Scientific communityEdit

Edward O. Wilson, Thomas Lovejoy and Peter Gleick were among the scientists to negatively review The Skeptical Environmentalist upon its release.

The scientific and environmental community were generally very critical of the book, in some cases harsh in both content and tone.[2] Criticisms covered a wide variety of topics, including Lomborg's methodology, data issues and theories and concepts. The most common criticism were selective use of data, followed by issues with referencing, choosing arguments not representative of the environmental movement and addressing regional rather than global trends.[2]

The Union of Concerned Scientists published a critique of the book, highlighting reviews by Peter Gleick, Jerry Mahlman, Thomas Lovejoy, Norman Myers, Jeffrey Harvey, E. O. Wilson and Stuart Pimm. The UCS concluded that "The Skeptical Environmentalist fits squarely in a tradition of contrarian works on the environment that may gain temporary prominence but ultimately fail to stand up to scientific scrutiny."[7] Harvey said that the book "has an undergraduate quality to it, but is this surprising considering that ecology is the most complex of sciences and that Lomborg has never done a shred of work in the field?” and “I would fail one of my undergraduate students if they were to write such trash".[2] In a letter to Lomborg, Wilson said that "the greatest regret I have about it all is the time wasted by scientists correcting the misinformation you created.”[2]

The January 2002 issue of Scientific American contained, under the heading "Misleading Math about the Earth", a set of essays by several scientists, which maintain that Lomborg and The Skeptical Environmentalist misrepresent both scientific evidence and scientific opinion.[8] The magazine then refused Lomborg's request to print a lengthy point-by-point rebuttal in his own defence, on the grounds that the 32 pages would have taken a disproportionate share of the month's instalment.[2] Scientific American allowed Lomborg a one-page defense in the May 2002 edition,[9] and then attempted to remove Lomborg's publication of his complete response online, citing a copyright violation.[10] The magazine later published his complete rebuttal on its website,[11] along with the counter rebuttals of John Rennie[12] and John P. Holdren.[13]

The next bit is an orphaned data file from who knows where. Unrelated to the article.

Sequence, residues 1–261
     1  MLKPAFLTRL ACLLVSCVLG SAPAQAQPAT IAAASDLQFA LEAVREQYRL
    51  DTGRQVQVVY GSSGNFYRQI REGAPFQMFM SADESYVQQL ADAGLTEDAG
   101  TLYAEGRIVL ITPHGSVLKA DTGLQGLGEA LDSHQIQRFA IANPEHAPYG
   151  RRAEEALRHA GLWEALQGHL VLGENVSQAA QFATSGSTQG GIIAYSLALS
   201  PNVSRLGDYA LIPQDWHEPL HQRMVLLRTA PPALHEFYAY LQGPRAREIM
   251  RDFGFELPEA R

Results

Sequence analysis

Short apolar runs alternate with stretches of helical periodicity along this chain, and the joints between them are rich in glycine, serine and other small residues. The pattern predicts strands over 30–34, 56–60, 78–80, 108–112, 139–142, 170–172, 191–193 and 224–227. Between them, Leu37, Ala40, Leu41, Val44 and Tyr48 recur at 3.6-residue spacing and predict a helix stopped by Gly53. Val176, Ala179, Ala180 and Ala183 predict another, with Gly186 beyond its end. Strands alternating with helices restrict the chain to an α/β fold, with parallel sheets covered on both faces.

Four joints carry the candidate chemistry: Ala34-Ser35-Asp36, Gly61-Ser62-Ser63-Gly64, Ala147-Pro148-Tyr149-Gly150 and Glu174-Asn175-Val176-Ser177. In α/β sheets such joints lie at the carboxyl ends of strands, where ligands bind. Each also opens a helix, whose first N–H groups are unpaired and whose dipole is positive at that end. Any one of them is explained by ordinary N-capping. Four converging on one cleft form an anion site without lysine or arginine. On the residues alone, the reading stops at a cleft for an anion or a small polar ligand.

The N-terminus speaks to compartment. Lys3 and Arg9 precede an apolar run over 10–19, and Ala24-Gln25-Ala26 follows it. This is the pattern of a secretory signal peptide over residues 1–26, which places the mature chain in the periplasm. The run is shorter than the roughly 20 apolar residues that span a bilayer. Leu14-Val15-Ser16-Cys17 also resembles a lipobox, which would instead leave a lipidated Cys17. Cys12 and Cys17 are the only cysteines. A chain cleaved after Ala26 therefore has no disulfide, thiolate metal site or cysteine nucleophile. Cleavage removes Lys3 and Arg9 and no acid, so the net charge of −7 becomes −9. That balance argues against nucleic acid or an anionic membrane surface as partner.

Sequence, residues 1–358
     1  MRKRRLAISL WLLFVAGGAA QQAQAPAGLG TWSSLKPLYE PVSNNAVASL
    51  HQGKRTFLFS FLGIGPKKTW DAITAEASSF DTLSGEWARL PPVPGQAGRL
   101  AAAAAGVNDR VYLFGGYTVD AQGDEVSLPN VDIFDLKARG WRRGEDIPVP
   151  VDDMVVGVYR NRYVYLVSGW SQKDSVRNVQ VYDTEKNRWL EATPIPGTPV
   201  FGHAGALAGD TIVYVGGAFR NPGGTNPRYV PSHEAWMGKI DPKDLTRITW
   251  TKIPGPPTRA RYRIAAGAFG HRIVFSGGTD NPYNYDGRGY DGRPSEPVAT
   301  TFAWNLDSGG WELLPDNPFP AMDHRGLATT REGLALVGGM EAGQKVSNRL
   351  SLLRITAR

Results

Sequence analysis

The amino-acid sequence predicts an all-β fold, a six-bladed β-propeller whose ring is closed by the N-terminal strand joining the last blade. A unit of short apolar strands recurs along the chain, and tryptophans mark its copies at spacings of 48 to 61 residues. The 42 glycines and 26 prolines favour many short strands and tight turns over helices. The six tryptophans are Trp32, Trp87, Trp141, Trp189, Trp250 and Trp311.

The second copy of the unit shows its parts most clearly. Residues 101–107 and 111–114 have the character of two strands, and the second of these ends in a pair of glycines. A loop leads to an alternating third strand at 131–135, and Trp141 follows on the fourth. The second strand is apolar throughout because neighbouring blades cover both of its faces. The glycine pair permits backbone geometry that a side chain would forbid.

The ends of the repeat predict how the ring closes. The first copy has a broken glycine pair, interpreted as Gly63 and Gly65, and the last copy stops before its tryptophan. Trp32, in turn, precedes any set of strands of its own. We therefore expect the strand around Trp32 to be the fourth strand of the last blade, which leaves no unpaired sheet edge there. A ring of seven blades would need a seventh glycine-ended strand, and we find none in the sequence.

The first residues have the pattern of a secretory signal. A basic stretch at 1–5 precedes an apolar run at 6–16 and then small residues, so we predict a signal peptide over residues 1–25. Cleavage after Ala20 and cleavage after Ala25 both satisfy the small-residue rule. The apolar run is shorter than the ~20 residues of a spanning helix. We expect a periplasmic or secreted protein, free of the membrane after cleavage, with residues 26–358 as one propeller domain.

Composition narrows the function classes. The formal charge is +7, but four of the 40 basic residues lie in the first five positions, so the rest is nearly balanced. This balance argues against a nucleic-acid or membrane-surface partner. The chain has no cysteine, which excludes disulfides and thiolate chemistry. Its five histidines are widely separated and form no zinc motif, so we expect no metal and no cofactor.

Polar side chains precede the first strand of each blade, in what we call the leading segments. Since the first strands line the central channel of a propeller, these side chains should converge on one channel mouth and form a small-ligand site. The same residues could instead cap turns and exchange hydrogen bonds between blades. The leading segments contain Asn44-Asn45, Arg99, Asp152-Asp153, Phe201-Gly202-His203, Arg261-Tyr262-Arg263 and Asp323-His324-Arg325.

Nature also published a harsh review of Lomborg's book, in which Stuart Pimm of the Center for Environmental Research and Conservation at Columbia University and Jeff Harvey of the Netherlands Institute of Ecology wrote: "Like bad term papers, Lomborg's text relies heavily on secondary sources. Out of around 2,000 references, about 5% come from news sources and 30% from web downloads — readily accessible, therefore, but frequently not peer reviewed." They continued that "the text employs the strategy of those who, for example, argue that gay men aren't dying of AIDS, that Jews weren't singled out by the Nazis for extermination, and so on."[14]

Peter Gleick was also highly critical, stating "there is nothing original or unique in Lomborg's book. Many of his criticisms have appeared in... previous works—and even in the work of environmental scientists themselves. What is new, perhaps, is the scope and variety of the errors he makes."[15] David Pimentel wrote a critical review in Population and Environment, particularly taking issue with Lomborg's argument on soil erosion, pesticides, deforestation and water resources. He concluded that "as an agricultural scientist and ecologist, I wish I could share Lomborg’s optimistic views, but my investigations and that of countless scientists leads me to a more conservative outlook."[16] Roger A. Pielke, meanwhile, defended Lomborg and the book, describing the debate as an example of politicising science.[17]